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NEW VIDEO | McCullough Lays Out Our 2016 U.S. Recession Call

In an interesting debate on Fox Business' Mornings with Maria, hosted today by Dagen McDowell, Hedgeye CEO Keith McCullough discussed our U.S. economic recession call for 2016 – adding "there's already a recession in corporate profits and industrials" – with BNP Paribas Senior U.S. Economist Laura Rosner. 

 


So, Who Was Right? Old Wall: 'PMIs Bottomed In October' ... Hedgeye: 'Nope'

Takeaway: The data is in on Old Wall's PMI prediction.

So, Who Was Right? Old Wall: 'PMIs Bottomed In October' ... Hedgeye: 'Nope' - cartoon data soft spot

 

See all that red in U.S. equity markets this morning?

 

Investors had a tough pill to swallow with the release of today's Chicago PMI numbers which fell off a cliff.

 

 

All year long, Wall Street strategists have been calling a bottom in PMIs. It never came. That was supposedly the bullish case for buying equities. 

 

Ahem.

 

"I’m sure they’ll say it’s different this time (or something like that) but for those of you data dependent fans, I’ve attached the historical data series on this index reading," Hedgeye CEO Keith McCullough wrote in a note to subscribers. "Some false positive readings vis-à-vis recession signaling but pretty strong track record."

 

So, Who Was Right? Old Wall: 'PMIs Bottomed In October' ... Hedgeye: 'Nope' - chicago pmi

 

In a series of research notes in late October, when Wall Street was ramping up its PMI story, Hedgeye Senior Macro analyst Darius Dale responded to Wall Street bulls who questioned our economic modeling. Here's an excerpt from a telling note back a follow-up note in November:

 

So, Who Was Right? Old Wall: 'PMIs Bottomed In October' ... Hedgeye: 'Nope' - darius note

 

"... That PMI readings continue to slow on a trending basis across both the domestic manufacturing and services sectors should lend a significant degree of pause to any bullish narrative surrounding domestic economic growth. We continue be among the most accurate firms (if not the most accurate) on the Street with respect to forecasting both trends and inflections in U.S. and global GDP growth and our forecasts for both remain well below consensus with respect to the intermediate-term."

 

(Here's another link to an unlocked research note on global PMI numbers, "Global Growth Has Not "Bottomed." To read more of our institutional research, ping sales@hedgeye.com)

 

Hedgeye CEO Keith McCullough offered more analysis in a Real-Time Alerts note sent to subscribers this morning telling them to cover some of their UUP (bullish U.S. dollar) exposure:

 

"As opposed to being long the fictional storytelling of the Old Wall's Santa Rally ("buy stocks for a December rally"), being long the Long Bond (TLT) and US Dollar (UUP) are green today as the SP500 drops towards down -1.5% for December.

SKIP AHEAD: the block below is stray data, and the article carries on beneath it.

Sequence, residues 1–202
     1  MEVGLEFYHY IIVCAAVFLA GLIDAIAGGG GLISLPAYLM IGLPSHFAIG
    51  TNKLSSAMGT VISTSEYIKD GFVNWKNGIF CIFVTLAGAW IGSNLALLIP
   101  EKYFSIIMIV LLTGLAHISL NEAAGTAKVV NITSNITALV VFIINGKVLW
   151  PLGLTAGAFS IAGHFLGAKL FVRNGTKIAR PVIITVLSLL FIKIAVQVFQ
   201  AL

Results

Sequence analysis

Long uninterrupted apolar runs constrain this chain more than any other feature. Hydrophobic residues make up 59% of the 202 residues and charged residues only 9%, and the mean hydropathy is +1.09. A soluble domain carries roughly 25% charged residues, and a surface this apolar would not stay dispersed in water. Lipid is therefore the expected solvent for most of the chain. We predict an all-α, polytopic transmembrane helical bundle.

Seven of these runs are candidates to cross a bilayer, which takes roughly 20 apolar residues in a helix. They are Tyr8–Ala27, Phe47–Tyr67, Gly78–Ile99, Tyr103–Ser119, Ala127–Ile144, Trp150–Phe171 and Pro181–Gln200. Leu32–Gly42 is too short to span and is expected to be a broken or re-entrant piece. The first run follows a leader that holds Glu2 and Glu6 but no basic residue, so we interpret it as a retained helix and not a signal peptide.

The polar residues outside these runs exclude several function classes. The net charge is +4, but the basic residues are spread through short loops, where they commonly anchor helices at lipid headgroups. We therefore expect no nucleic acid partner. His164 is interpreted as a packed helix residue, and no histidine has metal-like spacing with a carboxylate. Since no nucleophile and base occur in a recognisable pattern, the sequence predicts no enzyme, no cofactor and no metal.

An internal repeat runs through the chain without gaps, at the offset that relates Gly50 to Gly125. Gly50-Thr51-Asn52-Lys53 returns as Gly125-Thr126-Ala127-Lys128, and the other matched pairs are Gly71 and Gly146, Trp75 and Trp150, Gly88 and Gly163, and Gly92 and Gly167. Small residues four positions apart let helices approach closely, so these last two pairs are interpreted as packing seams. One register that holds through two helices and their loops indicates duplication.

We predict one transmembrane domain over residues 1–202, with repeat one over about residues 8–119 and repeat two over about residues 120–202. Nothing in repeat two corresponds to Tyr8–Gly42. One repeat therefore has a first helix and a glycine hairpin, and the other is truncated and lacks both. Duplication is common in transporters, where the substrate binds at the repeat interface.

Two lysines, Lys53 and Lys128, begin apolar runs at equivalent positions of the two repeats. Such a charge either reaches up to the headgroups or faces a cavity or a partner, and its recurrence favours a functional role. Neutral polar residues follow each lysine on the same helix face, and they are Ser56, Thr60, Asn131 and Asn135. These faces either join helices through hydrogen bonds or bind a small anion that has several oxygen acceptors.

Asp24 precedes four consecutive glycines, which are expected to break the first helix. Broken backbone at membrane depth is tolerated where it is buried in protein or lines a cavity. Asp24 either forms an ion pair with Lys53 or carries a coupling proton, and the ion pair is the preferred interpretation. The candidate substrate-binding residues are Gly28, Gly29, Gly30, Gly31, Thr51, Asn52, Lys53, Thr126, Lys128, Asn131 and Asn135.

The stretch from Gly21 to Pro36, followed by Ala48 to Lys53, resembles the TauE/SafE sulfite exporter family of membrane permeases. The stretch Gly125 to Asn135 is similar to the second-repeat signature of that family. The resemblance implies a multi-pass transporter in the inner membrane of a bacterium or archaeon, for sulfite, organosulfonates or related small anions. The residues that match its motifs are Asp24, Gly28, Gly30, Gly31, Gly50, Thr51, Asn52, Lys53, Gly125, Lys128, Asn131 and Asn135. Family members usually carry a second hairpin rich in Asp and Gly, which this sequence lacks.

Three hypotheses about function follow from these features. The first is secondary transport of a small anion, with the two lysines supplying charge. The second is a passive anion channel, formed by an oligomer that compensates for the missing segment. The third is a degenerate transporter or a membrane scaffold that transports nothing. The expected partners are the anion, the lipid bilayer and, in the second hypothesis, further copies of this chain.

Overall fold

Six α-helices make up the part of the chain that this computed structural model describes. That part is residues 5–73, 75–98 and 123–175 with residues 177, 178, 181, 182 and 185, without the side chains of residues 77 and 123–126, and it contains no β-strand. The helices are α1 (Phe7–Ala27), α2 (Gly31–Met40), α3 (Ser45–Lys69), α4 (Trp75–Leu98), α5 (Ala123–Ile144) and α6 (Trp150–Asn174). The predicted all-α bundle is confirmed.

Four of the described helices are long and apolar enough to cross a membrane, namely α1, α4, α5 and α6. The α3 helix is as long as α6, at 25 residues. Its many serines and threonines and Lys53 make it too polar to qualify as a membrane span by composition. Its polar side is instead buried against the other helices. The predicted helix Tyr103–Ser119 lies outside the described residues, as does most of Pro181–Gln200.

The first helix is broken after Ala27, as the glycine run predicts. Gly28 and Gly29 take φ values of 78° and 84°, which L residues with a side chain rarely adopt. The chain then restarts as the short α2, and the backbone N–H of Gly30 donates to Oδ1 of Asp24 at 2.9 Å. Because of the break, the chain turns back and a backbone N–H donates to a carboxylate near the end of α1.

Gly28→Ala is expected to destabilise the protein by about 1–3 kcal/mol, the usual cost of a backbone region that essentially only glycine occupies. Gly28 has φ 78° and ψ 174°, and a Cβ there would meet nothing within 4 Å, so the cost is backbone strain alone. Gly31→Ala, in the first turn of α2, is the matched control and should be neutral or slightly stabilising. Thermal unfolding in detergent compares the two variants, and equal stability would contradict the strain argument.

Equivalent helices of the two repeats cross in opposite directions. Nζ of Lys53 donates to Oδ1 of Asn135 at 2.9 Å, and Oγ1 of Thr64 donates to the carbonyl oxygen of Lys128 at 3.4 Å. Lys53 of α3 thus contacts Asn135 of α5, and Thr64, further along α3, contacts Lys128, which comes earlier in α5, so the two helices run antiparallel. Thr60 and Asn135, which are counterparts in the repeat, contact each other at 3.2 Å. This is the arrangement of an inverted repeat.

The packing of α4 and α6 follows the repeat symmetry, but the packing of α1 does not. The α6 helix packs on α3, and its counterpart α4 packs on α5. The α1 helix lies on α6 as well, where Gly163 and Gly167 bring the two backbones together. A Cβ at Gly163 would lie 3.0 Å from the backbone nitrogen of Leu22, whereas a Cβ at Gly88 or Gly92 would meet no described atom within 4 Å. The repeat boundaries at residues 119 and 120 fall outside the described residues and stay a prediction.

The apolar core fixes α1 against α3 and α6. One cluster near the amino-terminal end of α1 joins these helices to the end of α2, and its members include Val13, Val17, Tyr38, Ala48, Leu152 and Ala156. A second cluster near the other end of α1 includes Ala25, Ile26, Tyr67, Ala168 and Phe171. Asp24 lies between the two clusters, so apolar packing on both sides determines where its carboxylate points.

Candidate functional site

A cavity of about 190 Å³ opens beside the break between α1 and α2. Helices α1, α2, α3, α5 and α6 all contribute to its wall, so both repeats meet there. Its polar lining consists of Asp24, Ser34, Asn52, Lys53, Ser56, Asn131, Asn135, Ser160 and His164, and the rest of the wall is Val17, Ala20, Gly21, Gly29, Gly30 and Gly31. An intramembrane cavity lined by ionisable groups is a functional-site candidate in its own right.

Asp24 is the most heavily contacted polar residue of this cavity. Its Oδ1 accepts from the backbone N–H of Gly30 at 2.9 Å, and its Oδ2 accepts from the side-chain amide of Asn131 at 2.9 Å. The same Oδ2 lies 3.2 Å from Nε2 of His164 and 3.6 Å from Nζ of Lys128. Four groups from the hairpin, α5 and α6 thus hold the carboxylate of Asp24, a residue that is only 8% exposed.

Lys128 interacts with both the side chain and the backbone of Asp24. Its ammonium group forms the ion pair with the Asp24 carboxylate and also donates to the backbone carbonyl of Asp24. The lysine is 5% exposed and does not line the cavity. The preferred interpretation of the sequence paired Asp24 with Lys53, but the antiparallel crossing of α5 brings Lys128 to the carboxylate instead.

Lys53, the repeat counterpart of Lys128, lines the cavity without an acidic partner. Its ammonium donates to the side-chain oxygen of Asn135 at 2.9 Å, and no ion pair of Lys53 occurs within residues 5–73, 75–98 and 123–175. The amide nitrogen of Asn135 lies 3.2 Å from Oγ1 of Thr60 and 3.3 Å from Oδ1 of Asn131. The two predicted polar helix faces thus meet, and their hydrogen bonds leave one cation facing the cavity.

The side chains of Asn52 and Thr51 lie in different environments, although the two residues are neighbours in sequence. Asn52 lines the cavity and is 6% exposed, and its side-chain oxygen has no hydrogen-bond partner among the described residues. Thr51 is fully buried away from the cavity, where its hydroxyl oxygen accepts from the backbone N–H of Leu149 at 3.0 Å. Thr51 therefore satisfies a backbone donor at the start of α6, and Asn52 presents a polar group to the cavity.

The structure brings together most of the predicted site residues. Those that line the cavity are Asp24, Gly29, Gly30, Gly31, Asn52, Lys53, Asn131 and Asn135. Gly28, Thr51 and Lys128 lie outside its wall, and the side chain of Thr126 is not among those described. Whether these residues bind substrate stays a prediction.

Why? This morning's PMI print of 42.9 DEC vs. 48.7 NOV was a certified train wreck.

 

Some of these #recessionary economic reports aren't even in the area code of consensus at this point. That means at least a few "blue chip" economists have to change their forecasts for Q4 inasmuch as the Atlanta Fed has...

 

Keep your core position in USD, but sell some on overbought days so that you can buy some back on oversold ones." 

 

There you have it. The data (and reality) will set you free.


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INITIAL JOBLESS CLAIMS | RAISE SHIELDS!

Takeaway: Emergent cracks in the US economic armor raise serious questions around the now two month upward trend in initial claims.

 

Below is the breakdown of this morning's labor data from Joshua Steiner and the Hedgeye Financials team. If you would like to setup a call with Josh or Jonathan or trial their research, please contact 

 

INITIAL JOBLESS CLAIMS | RAISE SHIELDS! - Claims1

 

The holiday period is rife with seasonality-related adjustments that may or may not paint an accurate picture of underlying labor market conditions. This is the disclaimer to keep in mind when interpreting the latest week's initial claims data. On its face, however, the recent trend in the data isn't particularly auspicious. 

 

Initial claims on a single week basis jumped 20k to 287k, but, more importantly, the 4-wk rolling average rose another 4.5k to 277k. While 277k is still very low on an absolute basis, it's the highest reading since mid-July. It's also worth noting that rolling intial claims have been moving steadily higher for the last two months. 

 

Amid various other macro data series showing signs of weakening (see Chicago PMI 42.9 this morning), we've been focused more intently than usual on the claims data for any signs of flow through on the labor front. This most recent trend isn't reassuring. That said, it is the holidays so we'll have to wait a few weeks to see whether January confirms.

 

If this were Stark Trek, we'd offer something along the lines of Raise Shields!

 

Meanwhile, employment in the oil patch continues to reflect the price of crude. In the week ended December 19, energy state claims continued their trajectory of deterioration versus the country as a whole. As energy companies continue cuts into YE2015 hedge expiration, the spread between energy state claims and total US claims rose from 59 to 62.

 

INITIAL JOBLESS CLAIMS | RAISE SHIELDS! - Claims18 normal  1

 

The Data

Initial jobless claims rose 20k to 287k from 267k WoW. The prior week's number was not revised. Meanwhile, the 4-week rolling average of seasonally-adjusted claims rose 4.5k WoW to 277k.

 

The 4-week rolling average of NSA claims, another way of evaluating the data, was -5.8% lower YoY, which is a sequential improvement versus the previous week's YoY change of -5.3%

 

INITIAL JOBLESS CLAIMS | RAISE SHIELDS! - Claims2 normal  2

 

INITIAL JOBLESS CLAIMS | RAISE SHIELDS! - Claims3 normal  2

 

INITIAL JOBLESS CLAIMS | RAISE SHIELDS! - Claims4 normal  2